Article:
The Tesco chief executive Dave Lewis has called for a tax on goods sold online to assist the High Street and preserve retail. He proposes a 2% levy on goods sold via the internet which he claims would raise £1.25 billion per annum. The money, he argues in an interview for the Daily Mail, should be used to help traditional retail businesses.
Three years ago I talked about a potential lethal cocktail of pressures in the retail industry and now you are seeing that come to fruition. Retail is truly national. If you look at gross Value Added Tax, direct tax, indirect taxes, employment, the number of suppliers to our stores and our business, the contribution in terms of the wider community – the role of retail in the economy is significant and it will be affected by this. The tax burden has reached the point where companies are going bust. Has the Government thought through what happens when retail starts to decline and if the job losses start to become significant? The time for talking is coming to an end and the stalling has to stop. If we cannot reach agreement, the UK will go it alone with a digital services tax of its own.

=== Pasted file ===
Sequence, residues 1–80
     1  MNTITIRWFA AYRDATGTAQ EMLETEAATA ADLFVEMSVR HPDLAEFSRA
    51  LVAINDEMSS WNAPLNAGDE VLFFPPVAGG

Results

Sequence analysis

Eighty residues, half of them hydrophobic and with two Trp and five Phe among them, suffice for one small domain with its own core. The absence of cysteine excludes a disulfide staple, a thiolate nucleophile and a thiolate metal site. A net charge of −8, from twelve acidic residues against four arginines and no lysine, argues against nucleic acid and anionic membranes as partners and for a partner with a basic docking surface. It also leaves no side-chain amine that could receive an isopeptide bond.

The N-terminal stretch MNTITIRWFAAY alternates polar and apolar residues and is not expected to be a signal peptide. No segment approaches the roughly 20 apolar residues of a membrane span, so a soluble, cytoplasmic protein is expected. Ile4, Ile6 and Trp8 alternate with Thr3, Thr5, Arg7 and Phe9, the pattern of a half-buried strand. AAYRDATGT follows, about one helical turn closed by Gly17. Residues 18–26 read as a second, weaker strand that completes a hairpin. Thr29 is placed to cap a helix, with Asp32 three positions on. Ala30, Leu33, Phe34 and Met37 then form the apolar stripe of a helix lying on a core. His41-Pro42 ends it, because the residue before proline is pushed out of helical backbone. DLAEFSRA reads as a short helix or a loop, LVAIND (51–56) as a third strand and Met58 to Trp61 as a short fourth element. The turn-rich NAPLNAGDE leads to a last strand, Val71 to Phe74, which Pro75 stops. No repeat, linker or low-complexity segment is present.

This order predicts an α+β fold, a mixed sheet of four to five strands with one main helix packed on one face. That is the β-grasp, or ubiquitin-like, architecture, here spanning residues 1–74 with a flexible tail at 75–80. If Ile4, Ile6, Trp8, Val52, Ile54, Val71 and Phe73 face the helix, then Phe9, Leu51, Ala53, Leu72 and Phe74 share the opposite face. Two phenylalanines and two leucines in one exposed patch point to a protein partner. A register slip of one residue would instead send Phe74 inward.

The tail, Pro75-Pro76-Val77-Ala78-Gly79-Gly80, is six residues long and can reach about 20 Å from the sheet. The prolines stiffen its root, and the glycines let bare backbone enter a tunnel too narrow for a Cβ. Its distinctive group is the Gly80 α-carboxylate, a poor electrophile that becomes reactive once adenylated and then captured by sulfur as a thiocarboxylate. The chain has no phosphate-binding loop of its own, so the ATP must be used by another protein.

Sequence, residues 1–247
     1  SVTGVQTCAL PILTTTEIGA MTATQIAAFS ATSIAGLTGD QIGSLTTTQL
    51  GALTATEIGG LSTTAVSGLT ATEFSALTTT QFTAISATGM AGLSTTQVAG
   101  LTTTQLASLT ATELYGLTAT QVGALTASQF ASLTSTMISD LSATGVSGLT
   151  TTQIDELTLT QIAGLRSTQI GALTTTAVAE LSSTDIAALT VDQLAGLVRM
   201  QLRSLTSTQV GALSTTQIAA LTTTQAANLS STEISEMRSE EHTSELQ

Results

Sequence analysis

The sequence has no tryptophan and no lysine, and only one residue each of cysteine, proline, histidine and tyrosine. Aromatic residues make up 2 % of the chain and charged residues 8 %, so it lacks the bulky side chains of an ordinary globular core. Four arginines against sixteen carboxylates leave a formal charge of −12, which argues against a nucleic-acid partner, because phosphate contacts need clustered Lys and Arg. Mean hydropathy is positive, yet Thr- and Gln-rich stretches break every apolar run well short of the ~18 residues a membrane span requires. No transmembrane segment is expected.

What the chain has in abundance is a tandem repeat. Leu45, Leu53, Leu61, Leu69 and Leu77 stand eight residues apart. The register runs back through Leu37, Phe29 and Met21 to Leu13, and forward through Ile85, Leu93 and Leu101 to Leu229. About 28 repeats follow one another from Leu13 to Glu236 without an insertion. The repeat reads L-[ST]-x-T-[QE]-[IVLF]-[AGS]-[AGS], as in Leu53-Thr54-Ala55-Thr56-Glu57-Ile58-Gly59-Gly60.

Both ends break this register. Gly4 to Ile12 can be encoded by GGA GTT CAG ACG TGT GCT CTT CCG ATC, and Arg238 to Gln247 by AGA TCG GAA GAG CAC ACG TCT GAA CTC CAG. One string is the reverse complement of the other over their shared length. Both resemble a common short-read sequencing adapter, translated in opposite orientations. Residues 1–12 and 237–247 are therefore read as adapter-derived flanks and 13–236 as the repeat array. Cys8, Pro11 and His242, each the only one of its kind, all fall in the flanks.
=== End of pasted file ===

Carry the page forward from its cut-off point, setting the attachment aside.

– Dave Lewis, Chief Executive, Tesco
The online sales tax, often referred to as an ‘Amazon tax’ in the the press, is a flawed idea on several levels. And, as has been noted by numerous Tamebay readers over recent weeks, since the idea was first mooted by the UK finance minister, Chancellor of the Exchequer Philip Hammond, it wouldn’t hit Amazon itself particularly hard at all and the ‘Amazon Tax’ moniker is unhelpful. It would, however, be an additional financial and admin burden on marketplace merchants.
If the High Street and bricks and mortar businesses need a shot in the arm then the government could help with review and reform of business rates (which Cameron and May’s governments have made noises about for years but not taken any tangible moves on) and possibly even consider rent control legislation on retail premies. The businesses themselves also need to reform: better efforts with digital will help. It is particularly bizarre that any business leader, and notably the Tesco chief executive, should call on the government for higher taxes, especially when Tesco would be subject to it.